As for “Prison Riot. We Hate People With Grudges!” itself, perhaps appropriately it most calls to mind “How to Kill a Computer” in that it's a comparatively low-stakes action-packed sci-fi comedy thriller. The only difference is that instead of placating a rogue AI, this time the girls are out to quell a riot on a prison station (natch) in orbit of a giant star and bring the kidnapped warden in to stand trial as a key witness. Also like “How to Kill a Computer”, this is a story that at first seems to be nothing particularly remarkable, but in fact holds a substantial amount of hidden depths. There are two crucial thematic keys here: Firstly, the climactic reveal is that the warden is every bit as bloodthirsty as the convicts and, consumed by rage and vengeance, escapes from Kei and Yuri's protective custody to murder all of the inmates. Secondly, and very tellingly, the prison is very clearly laid out as a Panopitcon. Which means we need to revisit this blog's old friend Michel Foucault.
In Discipline and Punish, Foucault conducts a thorough analysis and historicizing of the two titular concepts, in particular how they have asserted themselves as defining characteristics of modernity. Foucault reads modern society as a “disciplinary” one that institutes control through (among other things) three distinct techniques: Examination, observation and the normalization of judgment. This is where the metaphor of the Panopticon comes in. A Panopticon is a method of prison design whereby each prisoner is separated from each other in individual cells invisible to each other, but visible to guards who work in a giant central tower-The Panopticon. The principle works under the assumption that there doesn't even need to be anyone in the tower itself, just the idea that somebody *could* be watching and if they were, they *would* see you. What this does is normalize the concept of constant surveillance and the omnipresence of a hierarchical disciplinary structure put in place for one group of people to subjugate and oppress others. And the really scary thing is that, as Foucault shows, the Panopticon isn't just a concept you find in prisons, but which variations of exist everywhere in modern society, such as in factories, schools and hospitals. They all work essentially the same way.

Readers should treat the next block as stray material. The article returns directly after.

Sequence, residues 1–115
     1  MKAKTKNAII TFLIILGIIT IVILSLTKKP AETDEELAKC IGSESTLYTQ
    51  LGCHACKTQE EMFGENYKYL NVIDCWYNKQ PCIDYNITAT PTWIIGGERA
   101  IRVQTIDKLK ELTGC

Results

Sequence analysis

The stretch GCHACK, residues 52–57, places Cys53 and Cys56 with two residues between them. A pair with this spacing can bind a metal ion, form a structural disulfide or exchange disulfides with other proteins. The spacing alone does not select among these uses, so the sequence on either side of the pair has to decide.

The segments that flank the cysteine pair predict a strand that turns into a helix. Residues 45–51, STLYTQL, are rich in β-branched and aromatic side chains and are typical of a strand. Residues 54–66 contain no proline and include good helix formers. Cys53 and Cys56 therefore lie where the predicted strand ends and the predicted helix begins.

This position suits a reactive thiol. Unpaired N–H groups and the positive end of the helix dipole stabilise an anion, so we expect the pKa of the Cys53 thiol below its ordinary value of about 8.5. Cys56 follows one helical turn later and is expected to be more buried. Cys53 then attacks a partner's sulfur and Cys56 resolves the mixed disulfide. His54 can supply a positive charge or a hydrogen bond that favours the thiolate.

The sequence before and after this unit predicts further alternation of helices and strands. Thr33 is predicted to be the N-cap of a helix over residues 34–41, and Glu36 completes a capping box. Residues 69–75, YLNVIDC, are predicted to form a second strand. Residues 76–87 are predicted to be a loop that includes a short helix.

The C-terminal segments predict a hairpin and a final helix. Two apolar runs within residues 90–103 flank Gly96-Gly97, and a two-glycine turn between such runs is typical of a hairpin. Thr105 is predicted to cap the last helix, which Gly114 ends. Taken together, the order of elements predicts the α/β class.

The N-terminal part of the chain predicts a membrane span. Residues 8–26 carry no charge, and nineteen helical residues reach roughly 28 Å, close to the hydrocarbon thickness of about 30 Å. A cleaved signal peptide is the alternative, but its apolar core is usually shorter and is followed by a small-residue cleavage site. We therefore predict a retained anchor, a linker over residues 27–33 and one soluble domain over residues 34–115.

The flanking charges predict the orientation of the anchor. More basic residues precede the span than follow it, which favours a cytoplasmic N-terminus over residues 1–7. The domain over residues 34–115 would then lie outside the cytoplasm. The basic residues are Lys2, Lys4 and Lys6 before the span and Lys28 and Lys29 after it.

It's through the Panopticon that modernity's fixation on examination, discipline, testing and control comes from. It's akin to what (to rather misrepresent her) Avital Ronell, following Foucault and others, calls modernity's Test Drive and is a defining feature of all modern societies. And it's what Dirty Pair explicitly rejects in this episode: Of course the warden would be mindlessly violent and driven only by his desire to enact revenge, punishment, against the inmates. He's a man shaped by an authoritarian structure of discipline and control that gives him an obscene amount of power-This is exactly the sort of person that environment produces. One might feel in a situation like this that our sympathies belong with the prisoners, the oppressed class in this particular power structure. And while I'm sure many of those incarcerated were placed there unfairly and unjustly, as has been the case in prison systems from time immemorial, there are still going to be murderers, rapists and other violent criminals there too, and the ones we see orchestrating the riot can be pretty safely assumed to be in the latter camp.